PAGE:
The rumour everyone is talking about today is a coordinated move on the part of various central banks, organised by the Bank of Japan, to sell yen.
In a note, Morgan Stanley says the odds of a massive intervention are rising to a critical level.
In our prior research, we have identified an ‘intervention
checklist’ of key criteria that we believe have the largest
influence on the decision of policymakers to intervene in
currency markets. The most important of these criteria
(1) market mispricing of relative growth outlooks
(2) significant deviation of the real exchange rate from
(3) excessive market positioning
(4) increased momentum in exchange rate moves.
Using this broad framework we have developed a suite of
models to gauge the probability of currency market
intervention. According to our framework, model results
indicating probabilities below 20% are consistent with a low
level of intervention risk, results in the range of 20-30% are
consistent with an elevated risk of potential FX intervention,
while results above 30% suggest a significantly high risk of FX
Currently, our models reflect a 28% chance of coordinated G3
currency intervention (Exhibit 1). This result is consistent with
an elevated threat of currency intervention, but it does not
necessarily imply that action is imminent. Indeed, as Exhibit 1
shows, the threat of coordinated action in USD crosses has
registered as high as 50% earlier this year, amid
unprecedented market dislocations during Q1 2009. Since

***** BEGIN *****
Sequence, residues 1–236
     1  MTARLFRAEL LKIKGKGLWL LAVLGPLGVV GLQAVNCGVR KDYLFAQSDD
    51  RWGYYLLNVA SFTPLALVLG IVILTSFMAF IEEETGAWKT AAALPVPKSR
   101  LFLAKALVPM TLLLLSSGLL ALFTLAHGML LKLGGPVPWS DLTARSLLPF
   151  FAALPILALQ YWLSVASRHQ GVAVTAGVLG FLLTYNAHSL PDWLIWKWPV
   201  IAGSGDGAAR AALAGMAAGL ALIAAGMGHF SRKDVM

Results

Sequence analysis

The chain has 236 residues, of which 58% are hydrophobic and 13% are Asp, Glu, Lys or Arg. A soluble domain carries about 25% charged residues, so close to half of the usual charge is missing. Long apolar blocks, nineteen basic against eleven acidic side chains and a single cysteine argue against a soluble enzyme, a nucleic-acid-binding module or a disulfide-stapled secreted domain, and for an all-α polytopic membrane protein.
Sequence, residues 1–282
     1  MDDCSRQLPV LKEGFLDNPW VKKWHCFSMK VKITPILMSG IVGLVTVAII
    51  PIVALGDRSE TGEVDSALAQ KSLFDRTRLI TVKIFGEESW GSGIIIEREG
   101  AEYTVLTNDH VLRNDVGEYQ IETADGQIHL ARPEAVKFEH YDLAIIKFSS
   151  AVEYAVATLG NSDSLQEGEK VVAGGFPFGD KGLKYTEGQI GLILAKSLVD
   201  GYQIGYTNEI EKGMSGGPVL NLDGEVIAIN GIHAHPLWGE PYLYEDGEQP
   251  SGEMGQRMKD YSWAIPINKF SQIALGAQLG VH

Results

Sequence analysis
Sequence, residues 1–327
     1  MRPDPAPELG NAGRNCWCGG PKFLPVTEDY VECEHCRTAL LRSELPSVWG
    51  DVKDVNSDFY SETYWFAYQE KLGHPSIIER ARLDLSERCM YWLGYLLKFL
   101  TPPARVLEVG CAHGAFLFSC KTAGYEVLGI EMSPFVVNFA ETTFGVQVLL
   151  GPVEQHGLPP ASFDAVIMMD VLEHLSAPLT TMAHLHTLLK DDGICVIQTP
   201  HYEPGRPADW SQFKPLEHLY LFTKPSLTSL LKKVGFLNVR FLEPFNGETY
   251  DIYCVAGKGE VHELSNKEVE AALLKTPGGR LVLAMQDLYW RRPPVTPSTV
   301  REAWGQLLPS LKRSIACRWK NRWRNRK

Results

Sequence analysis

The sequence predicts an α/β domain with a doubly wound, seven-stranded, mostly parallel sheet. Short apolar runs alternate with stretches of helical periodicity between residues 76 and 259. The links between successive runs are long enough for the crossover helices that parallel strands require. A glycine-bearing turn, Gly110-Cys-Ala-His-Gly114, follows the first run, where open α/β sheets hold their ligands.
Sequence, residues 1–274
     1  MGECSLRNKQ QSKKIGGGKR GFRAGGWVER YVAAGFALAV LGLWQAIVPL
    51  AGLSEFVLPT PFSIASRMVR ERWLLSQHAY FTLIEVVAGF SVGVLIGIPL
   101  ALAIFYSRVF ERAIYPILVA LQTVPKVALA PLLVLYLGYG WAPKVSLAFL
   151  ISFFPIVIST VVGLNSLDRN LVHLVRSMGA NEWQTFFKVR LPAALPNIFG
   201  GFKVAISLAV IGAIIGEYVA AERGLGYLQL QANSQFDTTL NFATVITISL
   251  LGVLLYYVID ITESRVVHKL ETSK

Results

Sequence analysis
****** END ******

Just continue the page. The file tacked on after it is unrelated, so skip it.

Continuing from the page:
then, the threat of coordinated intervention has been declining.
The falling probability largely reflects the decline in currency
market volatility. Indeed, though the USD’s fall has been
ongoing, the path has remained orderly for the most part.
This has been particularly true on the EUR/USD axis; and this
has been a key factor dampening coordinated intervention risk,
according to our models.
However, while the probability of coordinated USD
intervention has been on the decline, our models show the
probability of intervention in the USD/JPY exchange rate is
Our models indicate a 29% risk for
intervention in USD/JPY, which is just on the cusp of ‘high risk
territory’ (Exhibit 2). The 2 factors contributing the most to the
elevated risk for USD/JPY intervention are (1) the apparent
mispricing of longer-term relative growth outlooks, a factor we
proxy using productivity and real rate differentials (Exhibit 3),
and (2) the deviation of the real effective JPY exchange rate
from its longer-term average (Exhibit 4).
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